Modesty taught me that my first priority needed to be making sure I wasn’t a “stumbling block” to men. Not being sexually attractive was the most important thing I had to consider when buying clothes, putting them on, maintaining my weight (can’t have things getting tight!), and moving around (can’t wiggle those hips, or let a little knee show). Modesty taught me that what I looked like was what mattered most of all. Not what I thought. Not how I felt. Not what I was capable of doing. Worrying about modesty, and being vigilantnotto be sexy, made me even more obsessed with my looks than the women in short shorts and spray tans I was taught to hate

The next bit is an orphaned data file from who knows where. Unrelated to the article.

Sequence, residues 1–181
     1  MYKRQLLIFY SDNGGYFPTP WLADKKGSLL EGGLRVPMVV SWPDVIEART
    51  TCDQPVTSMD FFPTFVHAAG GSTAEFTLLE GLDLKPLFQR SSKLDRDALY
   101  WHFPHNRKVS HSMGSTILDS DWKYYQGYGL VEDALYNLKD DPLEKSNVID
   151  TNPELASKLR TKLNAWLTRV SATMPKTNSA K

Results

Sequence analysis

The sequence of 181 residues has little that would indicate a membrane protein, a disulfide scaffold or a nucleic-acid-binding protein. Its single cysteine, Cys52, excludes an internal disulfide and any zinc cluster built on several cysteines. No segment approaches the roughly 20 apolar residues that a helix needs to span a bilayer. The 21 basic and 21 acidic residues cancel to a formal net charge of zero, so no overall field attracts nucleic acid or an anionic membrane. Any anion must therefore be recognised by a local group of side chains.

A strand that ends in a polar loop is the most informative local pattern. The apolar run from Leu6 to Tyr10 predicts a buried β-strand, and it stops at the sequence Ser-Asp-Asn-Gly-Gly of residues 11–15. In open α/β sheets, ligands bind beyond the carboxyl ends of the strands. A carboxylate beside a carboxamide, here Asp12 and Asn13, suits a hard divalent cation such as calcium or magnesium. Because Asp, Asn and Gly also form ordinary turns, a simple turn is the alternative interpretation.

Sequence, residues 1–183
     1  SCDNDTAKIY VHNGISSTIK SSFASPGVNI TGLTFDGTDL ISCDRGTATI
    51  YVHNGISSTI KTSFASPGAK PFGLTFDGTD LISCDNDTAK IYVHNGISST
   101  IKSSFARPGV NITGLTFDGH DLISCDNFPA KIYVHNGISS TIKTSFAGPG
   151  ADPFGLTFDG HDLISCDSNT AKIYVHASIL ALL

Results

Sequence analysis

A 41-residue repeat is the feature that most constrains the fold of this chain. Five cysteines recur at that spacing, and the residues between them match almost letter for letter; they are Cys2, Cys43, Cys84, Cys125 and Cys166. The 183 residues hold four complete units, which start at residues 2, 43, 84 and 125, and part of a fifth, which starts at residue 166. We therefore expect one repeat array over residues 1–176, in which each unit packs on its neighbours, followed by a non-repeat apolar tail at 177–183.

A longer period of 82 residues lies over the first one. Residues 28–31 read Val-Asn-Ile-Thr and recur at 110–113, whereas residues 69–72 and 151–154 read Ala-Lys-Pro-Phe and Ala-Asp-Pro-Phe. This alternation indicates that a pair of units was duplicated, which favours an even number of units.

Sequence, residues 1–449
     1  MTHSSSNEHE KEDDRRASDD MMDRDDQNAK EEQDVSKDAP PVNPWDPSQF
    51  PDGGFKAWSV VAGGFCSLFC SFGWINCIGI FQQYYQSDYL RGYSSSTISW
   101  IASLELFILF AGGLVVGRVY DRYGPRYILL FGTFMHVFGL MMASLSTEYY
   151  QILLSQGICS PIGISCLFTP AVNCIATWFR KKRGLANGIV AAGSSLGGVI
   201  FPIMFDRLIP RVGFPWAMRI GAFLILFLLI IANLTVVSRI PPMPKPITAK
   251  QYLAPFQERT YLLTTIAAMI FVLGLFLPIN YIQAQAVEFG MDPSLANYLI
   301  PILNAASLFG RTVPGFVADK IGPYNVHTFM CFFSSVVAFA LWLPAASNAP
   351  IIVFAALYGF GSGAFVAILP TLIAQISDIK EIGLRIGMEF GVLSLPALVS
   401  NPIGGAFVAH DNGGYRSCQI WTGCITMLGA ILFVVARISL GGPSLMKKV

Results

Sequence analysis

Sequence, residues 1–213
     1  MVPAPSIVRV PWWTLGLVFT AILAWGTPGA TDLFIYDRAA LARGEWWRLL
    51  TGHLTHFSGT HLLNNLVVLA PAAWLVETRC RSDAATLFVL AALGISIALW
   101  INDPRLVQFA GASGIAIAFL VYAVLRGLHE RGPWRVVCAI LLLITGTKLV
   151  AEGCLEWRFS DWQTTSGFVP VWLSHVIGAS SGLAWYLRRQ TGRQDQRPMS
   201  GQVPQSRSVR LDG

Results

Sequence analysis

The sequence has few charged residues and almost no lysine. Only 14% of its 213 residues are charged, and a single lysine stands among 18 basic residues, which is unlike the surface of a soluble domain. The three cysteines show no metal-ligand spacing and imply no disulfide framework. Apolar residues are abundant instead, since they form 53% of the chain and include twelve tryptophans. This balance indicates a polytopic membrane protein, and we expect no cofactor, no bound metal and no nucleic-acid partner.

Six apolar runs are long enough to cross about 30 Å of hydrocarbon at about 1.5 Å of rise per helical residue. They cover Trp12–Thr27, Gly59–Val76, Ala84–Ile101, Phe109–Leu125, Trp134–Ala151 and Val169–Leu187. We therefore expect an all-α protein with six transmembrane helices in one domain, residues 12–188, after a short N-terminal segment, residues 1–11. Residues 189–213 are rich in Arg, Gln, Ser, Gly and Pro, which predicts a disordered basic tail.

Women have been quietly making gains in education, leadership, respect in the media, and power in the office. Obviously, that’s why we’re suffering from an anti-feminist backlash. But this time, it’s all about ridiculous standards of chastity.
How can so many American feminists have come out against a burqa ban in France? The answer is that singling out the burqa as the only article of clothing patriarchal enough to merit legal regulation is racist.